We seek to continuously improve animal welfare standards throughout our supply chain and expect the same of our independent and contract farmer partners.
Responsibly raising the number of animals within our supply chain takes thousands of independent grain farmers, livestock farmers, service technicians, transportation operators and Tyson Foods team members to care for, handle, transport and harvest animals. For this reason, we work across our supply chain to ensure best practices are followed at every step in the animal life cycle, from breeding through harvest.
The relationship with farmers in the U.S. is unique in many aspects. Almost all of our cattle and hogs come from independent farmers, ranchers and feedlot operators. While we own a small swine breeding subsidiary, which consists of company-owned and contract farms, we buy most of our hogs from farmers who raise their own animals. We occasionally purchase cattle to be placed in independently owned feed lots but we source the majority of our cattle from independent ranchers and growers. For U.S. poultry operations, we buy the grain that is used as feed and pay contract farmers to raise our poultry.
Utilizing sound science, expertise and skill, farmers continuously strive to improve and further strengthen their responsibilities as animal producers. In our vertically integrated poultry and hog operations, we rely on our veterinarians and service technicians to ensure optimal animal husbandry, nutrition, sanitation and housing practices to support animal health and welfare on-farm and in our harvest facilities. Ongoing research conducted with academic partners, at the Tyson Foods Center for Sustainable Poultry Welfare Research informs the practices we follow in raising broiler chickens.
Tyson Foods is dedicated to preserving the health and welfare of the animals within our supply chain while protecting food safety and public health. To reduce the potential of the development of antibiotic resistance, we rely on the guidelines for responsible use of antibiotics that are defined in BQA, PQA Plus and the American Association of Avian Pathologists (AAAP) and that are based on judicious antibiotic use principles outlined by the World Health Organization (WHO), World Organization for Animal Health (OIE) and the American Veterinary Medical Association (AVMA).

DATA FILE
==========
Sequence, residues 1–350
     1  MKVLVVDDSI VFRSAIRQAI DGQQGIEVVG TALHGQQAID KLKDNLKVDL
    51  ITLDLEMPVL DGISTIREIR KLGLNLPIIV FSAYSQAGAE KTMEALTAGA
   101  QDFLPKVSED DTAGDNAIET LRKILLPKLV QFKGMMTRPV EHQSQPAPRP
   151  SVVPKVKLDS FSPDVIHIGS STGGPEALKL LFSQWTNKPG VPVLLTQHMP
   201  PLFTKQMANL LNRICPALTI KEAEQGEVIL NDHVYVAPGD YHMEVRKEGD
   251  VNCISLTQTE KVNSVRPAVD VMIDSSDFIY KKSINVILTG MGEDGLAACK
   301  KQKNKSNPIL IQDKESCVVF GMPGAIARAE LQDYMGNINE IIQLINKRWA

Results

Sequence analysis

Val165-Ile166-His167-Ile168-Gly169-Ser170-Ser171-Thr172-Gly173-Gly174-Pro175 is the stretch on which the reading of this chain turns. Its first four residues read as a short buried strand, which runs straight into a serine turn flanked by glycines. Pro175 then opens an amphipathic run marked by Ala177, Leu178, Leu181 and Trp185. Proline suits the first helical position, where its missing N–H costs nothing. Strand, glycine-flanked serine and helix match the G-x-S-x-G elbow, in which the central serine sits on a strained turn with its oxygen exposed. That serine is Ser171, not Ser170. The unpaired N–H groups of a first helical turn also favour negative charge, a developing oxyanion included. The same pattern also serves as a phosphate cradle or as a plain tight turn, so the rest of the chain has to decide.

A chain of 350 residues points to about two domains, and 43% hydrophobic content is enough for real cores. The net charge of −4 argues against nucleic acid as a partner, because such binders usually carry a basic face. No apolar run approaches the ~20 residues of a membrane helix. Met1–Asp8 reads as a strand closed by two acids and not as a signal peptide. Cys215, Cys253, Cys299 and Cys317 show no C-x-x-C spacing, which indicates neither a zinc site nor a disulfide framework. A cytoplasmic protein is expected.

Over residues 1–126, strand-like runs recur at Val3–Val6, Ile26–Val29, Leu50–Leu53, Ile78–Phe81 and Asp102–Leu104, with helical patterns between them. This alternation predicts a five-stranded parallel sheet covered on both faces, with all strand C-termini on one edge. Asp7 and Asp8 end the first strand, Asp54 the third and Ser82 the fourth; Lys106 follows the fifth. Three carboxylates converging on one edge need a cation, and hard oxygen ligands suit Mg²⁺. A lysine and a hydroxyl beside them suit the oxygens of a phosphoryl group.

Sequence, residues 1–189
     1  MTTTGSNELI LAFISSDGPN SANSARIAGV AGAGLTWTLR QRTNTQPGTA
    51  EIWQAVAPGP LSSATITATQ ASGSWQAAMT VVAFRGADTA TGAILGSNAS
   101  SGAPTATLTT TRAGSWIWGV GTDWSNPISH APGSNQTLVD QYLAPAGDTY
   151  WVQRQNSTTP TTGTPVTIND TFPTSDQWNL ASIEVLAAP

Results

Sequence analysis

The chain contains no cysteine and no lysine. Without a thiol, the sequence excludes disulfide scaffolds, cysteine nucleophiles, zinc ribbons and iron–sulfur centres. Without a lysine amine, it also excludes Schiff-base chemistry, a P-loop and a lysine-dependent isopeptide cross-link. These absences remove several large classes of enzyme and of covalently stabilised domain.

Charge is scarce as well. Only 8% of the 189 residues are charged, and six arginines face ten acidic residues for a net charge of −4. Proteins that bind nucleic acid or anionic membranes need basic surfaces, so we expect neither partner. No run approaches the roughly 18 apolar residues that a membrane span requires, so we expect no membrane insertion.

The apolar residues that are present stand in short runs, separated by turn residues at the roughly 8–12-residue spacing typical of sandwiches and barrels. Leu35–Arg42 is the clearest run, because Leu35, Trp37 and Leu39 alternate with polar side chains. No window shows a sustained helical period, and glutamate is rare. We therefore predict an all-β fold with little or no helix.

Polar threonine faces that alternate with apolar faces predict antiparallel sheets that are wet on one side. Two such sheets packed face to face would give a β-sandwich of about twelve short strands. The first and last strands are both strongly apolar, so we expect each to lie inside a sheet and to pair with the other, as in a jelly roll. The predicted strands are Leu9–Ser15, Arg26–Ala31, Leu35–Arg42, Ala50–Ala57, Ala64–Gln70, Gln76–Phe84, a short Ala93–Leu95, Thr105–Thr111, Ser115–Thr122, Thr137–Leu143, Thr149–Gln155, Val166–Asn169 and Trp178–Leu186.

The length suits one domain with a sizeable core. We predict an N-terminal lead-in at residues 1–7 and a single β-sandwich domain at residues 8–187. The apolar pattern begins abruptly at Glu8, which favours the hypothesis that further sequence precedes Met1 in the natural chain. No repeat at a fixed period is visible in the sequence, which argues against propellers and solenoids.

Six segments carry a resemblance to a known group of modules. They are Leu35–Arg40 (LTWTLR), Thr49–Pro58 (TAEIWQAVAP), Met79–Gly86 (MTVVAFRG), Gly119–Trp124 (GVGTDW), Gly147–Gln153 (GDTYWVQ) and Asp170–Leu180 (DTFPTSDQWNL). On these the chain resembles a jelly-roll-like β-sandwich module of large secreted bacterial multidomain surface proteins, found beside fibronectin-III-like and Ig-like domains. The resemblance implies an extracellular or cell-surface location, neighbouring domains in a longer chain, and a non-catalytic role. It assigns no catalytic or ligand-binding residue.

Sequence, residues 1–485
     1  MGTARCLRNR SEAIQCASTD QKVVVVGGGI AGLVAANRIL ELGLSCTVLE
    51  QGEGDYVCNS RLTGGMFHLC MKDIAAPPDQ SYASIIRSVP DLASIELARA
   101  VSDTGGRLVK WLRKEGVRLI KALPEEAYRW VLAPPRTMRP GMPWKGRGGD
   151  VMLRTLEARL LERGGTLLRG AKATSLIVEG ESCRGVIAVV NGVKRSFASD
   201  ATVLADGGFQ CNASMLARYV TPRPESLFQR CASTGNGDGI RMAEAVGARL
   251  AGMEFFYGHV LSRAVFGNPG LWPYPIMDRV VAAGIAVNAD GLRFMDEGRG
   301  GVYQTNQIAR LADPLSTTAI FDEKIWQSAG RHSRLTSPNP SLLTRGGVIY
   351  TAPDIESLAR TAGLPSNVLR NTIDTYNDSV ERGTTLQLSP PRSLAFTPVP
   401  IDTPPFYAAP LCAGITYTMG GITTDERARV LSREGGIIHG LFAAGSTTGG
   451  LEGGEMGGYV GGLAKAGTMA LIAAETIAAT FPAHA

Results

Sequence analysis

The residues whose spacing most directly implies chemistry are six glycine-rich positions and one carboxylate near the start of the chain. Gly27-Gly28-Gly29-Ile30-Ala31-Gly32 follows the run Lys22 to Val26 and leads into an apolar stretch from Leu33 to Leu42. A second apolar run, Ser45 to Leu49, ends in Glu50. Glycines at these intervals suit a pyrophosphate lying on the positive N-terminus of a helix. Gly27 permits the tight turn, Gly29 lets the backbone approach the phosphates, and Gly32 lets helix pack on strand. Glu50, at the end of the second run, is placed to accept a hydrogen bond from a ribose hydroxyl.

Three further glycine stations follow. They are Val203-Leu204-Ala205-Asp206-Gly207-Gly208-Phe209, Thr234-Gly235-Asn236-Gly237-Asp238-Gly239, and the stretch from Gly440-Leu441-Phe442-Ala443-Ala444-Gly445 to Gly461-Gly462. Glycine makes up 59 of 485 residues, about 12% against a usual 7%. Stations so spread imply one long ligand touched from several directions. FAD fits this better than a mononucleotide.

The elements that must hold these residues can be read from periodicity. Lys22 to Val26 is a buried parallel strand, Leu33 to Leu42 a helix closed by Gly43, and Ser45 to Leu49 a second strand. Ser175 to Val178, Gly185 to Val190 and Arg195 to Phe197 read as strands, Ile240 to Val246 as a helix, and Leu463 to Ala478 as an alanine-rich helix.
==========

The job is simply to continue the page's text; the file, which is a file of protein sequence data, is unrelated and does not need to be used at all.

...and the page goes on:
Responsible use practices rely on preventive strategies such as biosecurity, animal welfare programs, proven management practices, vaccination programs, sanitation programs, routine health monitoring programs and veterinary oversight to minimize the potential need for antibiotic therapy. We work within our direct supply chain and with independent farmers and others in Tyson Foods’ cattle, hog and turkey supply chains to promote these practices.
We are a founding member of the International Consortium for Antimicrobial Stewardship in Agriculture (ICASA), a public-private collaboration launched by the Foundation for Food and Agriculture Research in 2019. Consisting of a cross-functional stakeholder group representing all stages of the US livestock supply chains, ICASA serves to promote judicious antibiotic use and advance animal health and welfare through collaborative research that will help us understand the causes of animal health challenges, develop and deploy practical solutions that enable targeted use while maintaining efficacy, and ultimately shed light on the contributing factors of antibiotic resistance. Through these public-private investments, new technologies and management practices can be adopted across the industry to support our goal of responsible antibiotics use, a safe and sustainable food supply, and healthy communities.